I have studied these movement patterns under the guidance of Dr Hatsumi for twenty years. For the first ten years, I researched and integrated these methods into the therapeutic approach of my physical therapy. Dr. Hatsumi acknowledged the work with a Master teaching credential called a Menkyo Kaiden. (The teaching rights from an ancient school of preventative and remedial secrets). From 1995 onwards, he has guided me towards developing this feeling further.

 

The school was known as the school of the secret of the opening flower, which translates to Hichi Buko Goshin Jutsu. The doctrines were taught to those who had mastered the martial art first. Its essence lies in its Tai Jutsu or natural movement behaviour. Moving with this skill your body can be shaped behind contact points to apply pressure on body parts as a therapeutic touch.

 

Inside his martial teachings are techniques that involve every conceivable direction of escape. This concept is called TONSŌ NO JUTSU, which allows for thirty-six methods of escape in six directions. The movement patterns inside these techniques are the same for the application of Anma and Seitai principles of Amatsu therapy.

Copyright Dennis Bartram Working in the space December 2005

 

This way of moving is omni directional, effortless, natural and develops power with minimal muscle involvement. Its power base is hidden inside its multiple walking patterns.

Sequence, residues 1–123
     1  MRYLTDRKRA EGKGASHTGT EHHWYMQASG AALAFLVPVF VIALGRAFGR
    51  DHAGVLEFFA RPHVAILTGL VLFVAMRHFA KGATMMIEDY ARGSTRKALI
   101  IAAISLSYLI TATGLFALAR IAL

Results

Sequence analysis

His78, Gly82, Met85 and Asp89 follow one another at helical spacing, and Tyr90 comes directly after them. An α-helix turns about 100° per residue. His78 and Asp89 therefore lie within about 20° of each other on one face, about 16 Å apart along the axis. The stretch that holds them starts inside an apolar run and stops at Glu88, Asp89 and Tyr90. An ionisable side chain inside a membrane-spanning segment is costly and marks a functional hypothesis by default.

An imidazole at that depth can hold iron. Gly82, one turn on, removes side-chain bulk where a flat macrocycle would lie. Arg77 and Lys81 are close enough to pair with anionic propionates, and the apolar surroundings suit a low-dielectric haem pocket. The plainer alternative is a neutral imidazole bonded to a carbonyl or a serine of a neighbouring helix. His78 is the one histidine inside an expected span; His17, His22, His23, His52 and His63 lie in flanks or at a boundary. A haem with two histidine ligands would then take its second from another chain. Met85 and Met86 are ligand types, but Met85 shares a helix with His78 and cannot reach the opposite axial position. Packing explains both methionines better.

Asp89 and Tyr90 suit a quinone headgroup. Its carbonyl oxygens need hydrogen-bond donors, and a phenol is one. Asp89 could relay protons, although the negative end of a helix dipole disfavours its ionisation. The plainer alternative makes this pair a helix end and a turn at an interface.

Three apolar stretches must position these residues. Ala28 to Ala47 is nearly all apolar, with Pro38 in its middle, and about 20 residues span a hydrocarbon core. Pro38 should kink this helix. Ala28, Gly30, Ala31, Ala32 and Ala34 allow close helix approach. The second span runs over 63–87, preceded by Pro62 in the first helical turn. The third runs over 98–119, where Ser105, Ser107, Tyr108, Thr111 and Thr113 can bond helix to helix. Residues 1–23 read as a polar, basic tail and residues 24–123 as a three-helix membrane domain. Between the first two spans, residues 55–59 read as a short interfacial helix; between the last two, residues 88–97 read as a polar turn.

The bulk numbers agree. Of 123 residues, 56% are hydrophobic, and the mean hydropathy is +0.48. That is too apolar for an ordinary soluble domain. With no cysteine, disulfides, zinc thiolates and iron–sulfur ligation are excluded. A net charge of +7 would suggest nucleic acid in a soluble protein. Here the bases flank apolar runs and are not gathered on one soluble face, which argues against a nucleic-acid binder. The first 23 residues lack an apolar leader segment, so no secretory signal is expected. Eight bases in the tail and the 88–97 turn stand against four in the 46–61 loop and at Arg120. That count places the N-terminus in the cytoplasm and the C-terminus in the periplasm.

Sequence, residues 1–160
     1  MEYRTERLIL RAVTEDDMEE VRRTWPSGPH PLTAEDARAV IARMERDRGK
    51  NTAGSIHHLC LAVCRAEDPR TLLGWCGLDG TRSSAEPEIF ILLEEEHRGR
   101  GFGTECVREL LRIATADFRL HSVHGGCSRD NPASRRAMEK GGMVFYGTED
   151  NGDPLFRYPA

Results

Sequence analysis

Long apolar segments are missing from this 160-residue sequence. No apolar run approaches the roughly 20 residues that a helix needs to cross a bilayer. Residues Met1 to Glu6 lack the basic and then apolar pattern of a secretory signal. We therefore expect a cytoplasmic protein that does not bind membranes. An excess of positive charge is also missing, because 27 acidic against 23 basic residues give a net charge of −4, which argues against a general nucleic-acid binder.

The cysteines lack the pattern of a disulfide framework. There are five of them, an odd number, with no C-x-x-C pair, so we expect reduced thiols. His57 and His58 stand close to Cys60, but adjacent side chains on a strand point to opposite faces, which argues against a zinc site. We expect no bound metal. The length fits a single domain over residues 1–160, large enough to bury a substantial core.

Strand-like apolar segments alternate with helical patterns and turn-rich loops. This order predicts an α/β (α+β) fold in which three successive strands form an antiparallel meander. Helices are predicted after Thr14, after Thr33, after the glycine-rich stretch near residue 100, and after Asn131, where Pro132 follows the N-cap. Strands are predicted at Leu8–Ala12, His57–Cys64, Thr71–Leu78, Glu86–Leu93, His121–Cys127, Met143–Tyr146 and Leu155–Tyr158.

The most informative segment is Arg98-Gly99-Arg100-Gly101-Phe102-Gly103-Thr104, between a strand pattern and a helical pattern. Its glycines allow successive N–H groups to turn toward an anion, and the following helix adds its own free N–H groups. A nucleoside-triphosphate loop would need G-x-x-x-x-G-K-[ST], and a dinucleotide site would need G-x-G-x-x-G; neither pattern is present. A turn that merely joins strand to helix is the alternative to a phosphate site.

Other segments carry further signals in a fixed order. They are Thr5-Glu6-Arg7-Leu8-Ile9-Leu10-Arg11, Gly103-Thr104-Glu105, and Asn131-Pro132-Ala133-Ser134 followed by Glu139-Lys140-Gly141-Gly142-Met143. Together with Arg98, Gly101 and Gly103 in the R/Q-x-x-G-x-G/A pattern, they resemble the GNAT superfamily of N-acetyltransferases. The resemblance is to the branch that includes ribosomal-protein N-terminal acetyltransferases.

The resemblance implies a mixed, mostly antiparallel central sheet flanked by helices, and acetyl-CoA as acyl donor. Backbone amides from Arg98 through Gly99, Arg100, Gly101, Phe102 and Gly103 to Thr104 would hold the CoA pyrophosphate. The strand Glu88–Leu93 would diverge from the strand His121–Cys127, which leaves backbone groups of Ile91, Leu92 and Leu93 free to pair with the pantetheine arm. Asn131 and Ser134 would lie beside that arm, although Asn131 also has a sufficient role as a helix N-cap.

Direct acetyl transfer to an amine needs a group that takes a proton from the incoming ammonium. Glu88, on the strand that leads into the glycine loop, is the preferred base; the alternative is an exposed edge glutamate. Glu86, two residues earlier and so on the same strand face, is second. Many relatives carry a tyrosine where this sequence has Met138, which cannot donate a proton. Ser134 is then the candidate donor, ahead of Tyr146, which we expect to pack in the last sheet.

Hatsumi teaches that you must learn to float inside your walk and he is the epitome of this art. In Budo, there are three distinct ways of walking from which to take action, explore and evade obstacles. These methods allow us to walk on all kinds of terrain and climatic conditions. This would require omni directional body movements safely to follow the terrain and walk through many varying underfoot surface conditions.

Modern people tend to walk on flat surfaces with poor shock absorbency. Their direction is linear forward, left or right. This also reflects itself into modern gym equipment and exercise regimes. They are designed to follow muscle contraction over a short linear direction. This is known as an isotonic muscle contraction and is designed to approximate the origin and insertion of the muscle in the shortest distance. In this example, the bicep flexes to lift the weight. Towards the shoulder

This approach to exercise is based on Newtonian principles of a fixed point a fulcrum and a lever. Although a muscle trained in this way will develop in strength and size if fails to integrate the action holistically.

 

This isolates the bicep and is popular with athletes to strengthen a muscle specifically. Natural movement however, is non-linear and uses minimal muscle activity coupled with body movement to produce its power. With our global sensory intelligence or proprioception we can stand effortlessly with minimal adaption to gravity. Modern research has shown that just walking on a cobbled surface for thirty minutes a day lowers blood pressure and improves balance, ancient man had no flat surface to walk on.